Saturday, April 20, 2024

The Wisdom of a Child's Book

Here’s a familiar scenario. You’re about to practice your piano, put the final changes on a scrapbook project, work on that story you began so long ago, or complete the half-painted portrait in the basement, the one you promised yourself would be done by spring. You’re about to start any of these or some other creative project for which you never have time, when you remember that the garage is messy or the laundry’s unfolded or the crisper in your fridge hasn’t been scrubbed in weeks. You do the ‘responsible’ thing, of course, and sacrifice art to practicality.

          It’s sad and disconcerting when any of us, upon hearing his or her muse, turns a deaf ear and marches to the drum of duty. But it’s tragic to abandon her for the mundane, the banal, and the ridiculous. I’ve struggled with these choices myself, through the years. Opting at times to clean a closet, alphabetize my CDs, or organize my sock drawer rather than write. I’ve read and listened to many learned people and motivational speakers on this topic, who offered interesting and helpful advice. But sometimes inspiration comes from an unexpected source.

          Many years ago, when my daughter, Amanda, was a little girl, I received a surprising revelation from a book we read together, Norton Juster’s  The Phantom Tollbooth, The protagonist, Milo, in Juster’s classic, finds everything boring and seems to have lost his zest for life at the ripe old age of ten.  However, all that changes when he discovers adventure and excitement, after entering through a mysterious portal to another world—the eponymous Tollbooth. There, Tock, the time obsessed dog, and Humbug, a life-sized but harmless insect, join him. They always find the cloud behind the silver lining. The trio set out to rescue the twin princess, Rhyme and Reason, who are imprisoned in The Castle in the Air.

          We read this short but powerful book once through, just for the story, and then discussed several key points in it, as was our practice, and we both had an Aha moment . We discussed the value of puns and considered a question from the book: which is of greater value, words, or numbers? (It turns out they’re equally important, something we had suspected all along.)

 The most enlightening lesson for me came at the next to last chapter when Milo and his companions must overcome the final obstacle of their quest.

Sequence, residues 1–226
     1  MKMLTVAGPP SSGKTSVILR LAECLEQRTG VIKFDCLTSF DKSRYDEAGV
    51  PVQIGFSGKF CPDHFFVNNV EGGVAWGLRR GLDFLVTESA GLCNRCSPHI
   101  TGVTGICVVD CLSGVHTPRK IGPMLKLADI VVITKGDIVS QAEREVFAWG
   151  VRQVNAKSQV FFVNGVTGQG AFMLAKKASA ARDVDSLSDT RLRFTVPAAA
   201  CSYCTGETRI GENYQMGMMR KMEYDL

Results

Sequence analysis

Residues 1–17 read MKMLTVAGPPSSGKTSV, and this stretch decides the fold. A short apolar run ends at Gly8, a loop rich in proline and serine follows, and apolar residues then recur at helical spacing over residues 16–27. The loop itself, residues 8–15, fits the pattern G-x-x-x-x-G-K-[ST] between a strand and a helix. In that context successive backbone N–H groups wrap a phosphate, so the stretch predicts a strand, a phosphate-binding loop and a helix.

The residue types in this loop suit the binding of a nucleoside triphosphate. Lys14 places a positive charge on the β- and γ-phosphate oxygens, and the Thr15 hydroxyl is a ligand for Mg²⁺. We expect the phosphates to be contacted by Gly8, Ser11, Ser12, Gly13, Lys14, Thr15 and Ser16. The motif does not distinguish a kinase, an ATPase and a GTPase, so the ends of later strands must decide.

To find The Castle in the Air and save Rhyme and Reason, they must climb the treacherous Mountain of Ignorance. Along their ascent, they encounter a host of demons, each with his own particularly nasty talent and an equally nasty trick up his sleeve. Offering to assist our faithful trio in navigating a difficult mountain pass, the demon, Trivium, convinces them to perform several useless tasks; Milo, to move a huge pile of dirt, one teaspoonful at a time; Humbug, to carve a hole through a stone wall with a needle.

          After three days, Milo realizes how little progress he and his friends have made, calculating that, at the rate Humbug was tunneling through the stone wall, he would eventually breakthrough in a little over 8,000 years! With the revelation that they had been hoodwinked, they immediately abandon their useless efforts. But before resuming their mission to rescue Rhyme and Reason, they have a talk with their nemesis.

          “I am the Terrible Trivium, demon of worthless jobs, ogre of wasted effort, and monster of habit,” he declared. When Milo asks Trivium why he tried to persuade him and his friends to complete the tedious tasks, the ogre replied, “Think of all the trouble it saves. If you do only the easy and useless jobs, you’ll never have to worry about facing the important ones which are so difficult.” (Like climbing mountains and rescuing princesses.)

          Finally, the demon discovers and is angered by Milo’s secret weapon, the source of his common sense. After he had reached a point of incredible boredom and frustration, Milo used the pencil given to him by the Mathemagician--a Wiseman who uses math to cast useful spells-- to calculate the combined progress and hours worked, disappointing the ogre.

           “If you hadn’t used that dreadful wand to count how much time had passed,” he said to Milo, “you’d never know how much you’d wasted.” 

          Here’s some sound advice for Milo, Tock, Humbug, and the rest of us, for all who are engaged in important work, missions, or quests:  Keep using magic instrument. We all have one. It’s called a clock. Of course, we all must clean the garage, scrub the crisper, and even organize the sock drawer sometimes. But it’s so easy to lose track of time, to become lost in the trivial and separated from our dreams. Before we spend eight thousand years tunneling through a stone canyon with a needle, we need to check the time and measure how much we’ve lost.

          Milo, Tock, and Humbug eventually rescued Rhyme and Reason, left the Mountains of Ignorance, and finally made their way to the Kingdom of Wisdom, a place towards which we should continually strive, often stopping for sustenance and inspiration at our own castles in the Air.